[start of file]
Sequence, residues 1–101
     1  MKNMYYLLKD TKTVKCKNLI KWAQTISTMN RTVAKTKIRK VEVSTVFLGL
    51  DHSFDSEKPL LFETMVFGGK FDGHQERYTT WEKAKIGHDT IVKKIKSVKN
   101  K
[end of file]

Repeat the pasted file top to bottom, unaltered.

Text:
Sequence, residues 1–101
     1  MKNMYYLLKD TKTVKCKNLI KWAQTISTMN RTVAKTKIRK VEVSTVFLGL
    51  DHSFDSEKPL LFETMVFGGK FDGHQERYTT WEKAKIGHDT IVKKIKSVKN
   101  K